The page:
[...The finding of the remains of the saint in 1853 afforded striking confirmation of an incident recorded by a Spanish Benedictine named Haedo, who published a topography of Algeria in 1612....]
According to the above text and searches at Google.com, Haedo is indeed Spanish, but rare as a firstname. It is really Basque, though, especially used as a placename. Aedo is a variant and is apart from a placename also used quite a lot as a surname, more than Haedo.
Well, Basque names can be quite difficult, but on the other hand, the Basque are a Celtic people and i've found a site about the names Aedo and Aedho being used in Ulster (nowadays Northern Ireland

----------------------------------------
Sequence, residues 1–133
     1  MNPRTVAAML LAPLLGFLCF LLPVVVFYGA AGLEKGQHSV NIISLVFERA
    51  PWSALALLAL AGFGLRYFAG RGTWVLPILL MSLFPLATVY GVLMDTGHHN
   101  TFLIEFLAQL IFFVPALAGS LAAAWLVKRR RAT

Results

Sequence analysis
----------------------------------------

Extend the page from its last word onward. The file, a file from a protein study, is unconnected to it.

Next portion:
this is the link:http://www.magoo.com/hugh/origin2.html
[...The problem of translating Gaelic spellings into English is illustrated by the Gaelic word for Hugh
. Aedh is the most common Gaelic spelling in the Annals of the Four Masters and the Annals of Ulster. Aodh
is used rarely in the Annals, but more frequently elsewhere. Variations in the Annals of Ulster include Aed, Aeda, Aedha, Aedho, and Aedo. Variations found elsewhere include include Aodha and Aoidh. For a more comprehnsive collection of possible variations, see Hugh
McGoughs in History....]
the above text is taken from the link.
Note: Aedh is a Gaelic spelling of Hugh
, so the Basque Aedo is thus the same as Hugh